All of these areas of concern represent potential problems for manufacturers because they create uncertainty in terms of assuring the quality and compliance of the products being produced. At a time when most manufacturers are trying to energize their product sales to overseas markets, these new directives have the potential to derail much of their efforts. It is important for manufacturers to evaluate their part finishing situation as soon as possible, and identify options that they know are in compliance.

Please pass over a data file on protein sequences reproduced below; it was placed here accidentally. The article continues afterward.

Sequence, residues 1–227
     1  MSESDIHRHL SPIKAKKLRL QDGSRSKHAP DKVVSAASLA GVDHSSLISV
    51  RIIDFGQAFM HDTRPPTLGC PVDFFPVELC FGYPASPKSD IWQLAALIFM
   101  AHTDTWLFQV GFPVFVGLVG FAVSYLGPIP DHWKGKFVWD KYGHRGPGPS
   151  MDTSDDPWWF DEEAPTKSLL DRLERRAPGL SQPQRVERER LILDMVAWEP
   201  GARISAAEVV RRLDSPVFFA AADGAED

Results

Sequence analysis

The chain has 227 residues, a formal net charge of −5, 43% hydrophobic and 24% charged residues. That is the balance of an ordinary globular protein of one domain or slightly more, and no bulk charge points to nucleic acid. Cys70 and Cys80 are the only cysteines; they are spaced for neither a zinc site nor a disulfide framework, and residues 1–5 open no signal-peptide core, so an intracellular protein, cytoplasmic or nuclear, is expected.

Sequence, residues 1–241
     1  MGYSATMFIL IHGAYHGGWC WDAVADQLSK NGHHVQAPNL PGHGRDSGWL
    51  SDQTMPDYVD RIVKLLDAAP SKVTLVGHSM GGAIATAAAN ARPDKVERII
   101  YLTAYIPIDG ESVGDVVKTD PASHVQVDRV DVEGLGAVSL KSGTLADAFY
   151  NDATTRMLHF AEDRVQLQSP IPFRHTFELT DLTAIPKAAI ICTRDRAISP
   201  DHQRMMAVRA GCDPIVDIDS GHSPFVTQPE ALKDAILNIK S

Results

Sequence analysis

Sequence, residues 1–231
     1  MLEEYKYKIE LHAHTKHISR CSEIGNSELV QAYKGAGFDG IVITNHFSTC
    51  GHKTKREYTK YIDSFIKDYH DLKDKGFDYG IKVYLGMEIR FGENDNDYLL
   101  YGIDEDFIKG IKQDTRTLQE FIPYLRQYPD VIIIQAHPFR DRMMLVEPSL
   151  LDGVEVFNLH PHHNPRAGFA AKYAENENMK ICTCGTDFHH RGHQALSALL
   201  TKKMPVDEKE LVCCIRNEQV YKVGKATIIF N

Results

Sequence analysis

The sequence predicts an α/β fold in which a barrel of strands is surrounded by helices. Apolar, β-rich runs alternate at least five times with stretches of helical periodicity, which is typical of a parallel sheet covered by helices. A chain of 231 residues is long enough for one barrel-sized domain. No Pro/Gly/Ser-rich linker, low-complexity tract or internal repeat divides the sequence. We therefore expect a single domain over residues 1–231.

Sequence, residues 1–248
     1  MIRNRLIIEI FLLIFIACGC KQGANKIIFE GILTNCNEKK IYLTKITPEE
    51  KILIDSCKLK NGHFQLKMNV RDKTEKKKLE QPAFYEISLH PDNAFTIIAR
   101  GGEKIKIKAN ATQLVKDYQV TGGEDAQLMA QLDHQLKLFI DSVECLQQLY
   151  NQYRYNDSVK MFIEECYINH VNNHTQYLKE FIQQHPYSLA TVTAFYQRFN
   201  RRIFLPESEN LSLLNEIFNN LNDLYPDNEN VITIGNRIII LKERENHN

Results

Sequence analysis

Other Compliance Options
Suitable options are those that can be used by outside platers on jobbed-out work, and can also be safely used with in-house process lines to finish precision manufactured components. One such option that fits this description is the Tru Temp low temperature black oxide process, from Birchwood Casey (Eden Prairie, Minnesota). This process is designed specifically to provide excellent protection and an attractive appearance to finished parts, and also comply with RoHS and ELV directives. Parts with this finish are shown in Figure 4.